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Toyota Tundra pulling 5th wheel.

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  #16  
Old 10-31-2011, 11:37 AM
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"I don't have a problem Art, you're the one with the problem. Learn how to talk to people nicely then you can address others and your not worth one more second of my time"

Are you serious? What are you, 18? This is the best you can do? You are going to ignore my point to bring this up? The guilty will always get defensive! Your attitude is too common to handle with kid gloves. Most people I've met apologize for their ignorance then do something about it whether they hear if from me or anyone else and at whatever tone was used. Wrong is wrong and when it involves tons of potential danger, well, you don't get the message.

This sounds exactly like a person with a problem. If you decide you are gonna remain ignorant and think you are fine and NOT know your weights for towing, then you don't get it. And the best you can do is complain about my writing style which was only trying to discount your unsafe post that you are towing fine and you don't know it, if you don't have the evidence of weight numbers? Gee, I can only hope you do have the numbers and are safe.

But so far, it's people who think like you that create the 40% of people who tow overweight and run the risk of something breaking prematurely. If they don't know they are ignorant. But if you don't know and don't want to know, then what does that make you. I'll let you pick the word since you are more sensitive.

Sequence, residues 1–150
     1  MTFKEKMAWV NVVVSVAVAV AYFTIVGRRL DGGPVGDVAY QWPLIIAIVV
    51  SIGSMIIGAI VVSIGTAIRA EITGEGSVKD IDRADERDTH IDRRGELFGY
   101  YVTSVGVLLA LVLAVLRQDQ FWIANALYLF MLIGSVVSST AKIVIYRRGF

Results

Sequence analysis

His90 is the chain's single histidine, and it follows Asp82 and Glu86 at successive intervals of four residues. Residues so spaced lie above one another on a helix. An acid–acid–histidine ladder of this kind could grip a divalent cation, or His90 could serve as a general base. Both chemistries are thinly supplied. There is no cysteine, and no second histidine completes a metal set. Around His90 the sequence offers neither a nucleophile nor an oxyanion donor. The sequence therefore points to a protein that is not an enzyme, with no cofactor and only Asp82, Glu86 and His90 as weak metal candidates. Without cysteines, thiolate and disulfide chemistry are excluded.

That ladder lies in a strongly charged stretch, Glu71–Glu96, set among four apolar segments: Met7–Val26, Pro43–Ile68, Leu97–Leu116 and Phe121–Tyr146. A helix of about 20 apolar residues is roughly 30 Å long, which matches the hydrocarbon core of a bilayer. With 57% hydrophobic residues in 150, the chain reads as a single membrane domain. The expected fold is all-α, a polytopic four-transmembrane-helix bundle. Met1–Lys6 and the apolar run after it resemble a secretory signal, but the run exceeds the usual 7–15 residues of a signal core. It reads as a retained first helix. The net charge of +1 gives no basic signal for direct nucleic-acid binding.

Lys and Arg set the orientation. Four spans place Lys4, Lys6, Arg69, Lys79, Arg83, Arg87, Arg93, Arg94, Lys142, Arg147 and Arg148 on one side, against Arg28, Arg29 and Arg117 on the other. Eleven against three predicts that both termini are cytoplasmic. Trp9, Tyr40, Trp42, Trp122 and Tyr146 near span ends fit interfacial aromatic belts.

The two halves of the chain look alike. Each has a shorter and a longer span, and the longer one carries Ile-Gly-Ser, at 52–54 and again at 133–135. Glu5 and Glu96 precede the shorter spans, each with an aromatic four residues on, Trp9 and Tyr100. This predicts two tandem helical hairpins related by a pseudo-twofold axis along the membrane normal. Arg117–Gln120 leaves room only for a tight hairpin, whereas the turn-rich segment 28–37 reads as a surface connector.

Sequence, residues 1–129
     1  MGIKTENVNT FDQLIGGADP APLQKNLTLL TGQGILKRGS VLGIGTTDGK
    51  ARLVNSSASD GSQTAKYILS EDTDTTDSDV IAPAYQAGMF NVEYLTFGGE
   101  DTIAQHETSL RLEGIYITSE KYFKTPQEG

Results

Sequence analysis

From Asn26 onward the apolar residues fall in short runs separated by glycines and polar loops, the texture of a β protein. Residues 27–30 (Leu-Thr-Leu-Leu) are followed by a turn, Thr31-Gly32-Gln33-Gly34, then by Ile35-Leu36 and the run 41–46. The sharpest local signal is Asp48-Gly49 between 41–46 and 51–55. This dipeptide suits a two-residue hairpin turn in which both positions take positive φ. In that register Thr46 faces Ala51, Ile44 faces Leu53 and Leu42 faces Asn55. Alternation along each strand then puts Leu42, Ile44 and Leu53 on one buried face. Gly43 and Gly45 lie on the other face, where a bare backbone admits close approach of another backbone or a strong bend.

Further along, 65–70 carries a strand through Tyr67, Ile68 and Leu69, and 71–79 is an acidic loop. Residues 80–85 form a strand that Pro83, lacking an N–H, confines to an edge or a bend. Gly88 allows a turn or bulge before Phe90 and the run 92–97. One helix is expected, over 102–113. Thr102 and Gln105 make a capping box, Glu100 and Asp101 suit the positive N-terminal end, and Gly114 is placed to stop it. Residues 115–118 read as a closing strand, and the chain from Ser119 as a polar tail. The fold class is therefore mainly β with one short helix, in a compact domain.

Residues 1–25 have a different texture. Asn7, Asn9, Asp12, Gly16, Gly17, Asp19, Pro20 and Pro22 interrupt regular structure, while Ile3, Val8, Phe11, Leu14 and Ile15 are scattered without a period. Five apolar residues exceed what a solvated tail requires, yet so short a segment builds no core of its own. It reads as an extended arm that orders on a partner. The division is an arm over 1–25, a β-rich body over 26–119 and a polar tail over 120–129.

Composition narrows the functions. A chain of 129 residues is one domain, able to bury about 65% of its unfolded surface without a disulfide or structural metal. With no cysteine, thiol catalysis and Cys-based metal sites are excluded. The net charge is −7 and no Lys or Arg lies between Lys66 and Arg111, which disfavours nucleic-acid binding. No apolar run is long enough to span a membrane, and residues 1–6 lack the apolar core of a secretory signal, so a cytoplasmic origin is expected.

Am I serious? Heck yes! Serious as a heart attack because this is what happens to people on the other end of YOUR problem if something breaks and they pay the price because you can't panic stop as well, or worse yet, some other hardware breaks and then you have just lost control of the tons of fun you are now towing and now becomes a bigger hazard for others. I have seen in person and pictures, broken shackles, shocks, hangers, welds and flat tires from others who reported they found they were overweight. I already told you about the poor sole who didn't get covered by insurance for his mishap because of it.

The best news is that this is a forum for sensible people to communicate about fun and serious topics and I'm touched you won't spend one more second of time with me. I don't have to say any more. Maybe you'll listen to others who might communicate more your style, but if you still don't do anything, then what?

In the meantime, good luck to you and those around you. I hope we never meet "on the road" especially if you're overloaded.
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  #17  
Old 10-31-2011, 12:03 PM
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Gotta feel like love.

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  #18  
Old 10-31-2011, 06:01 PM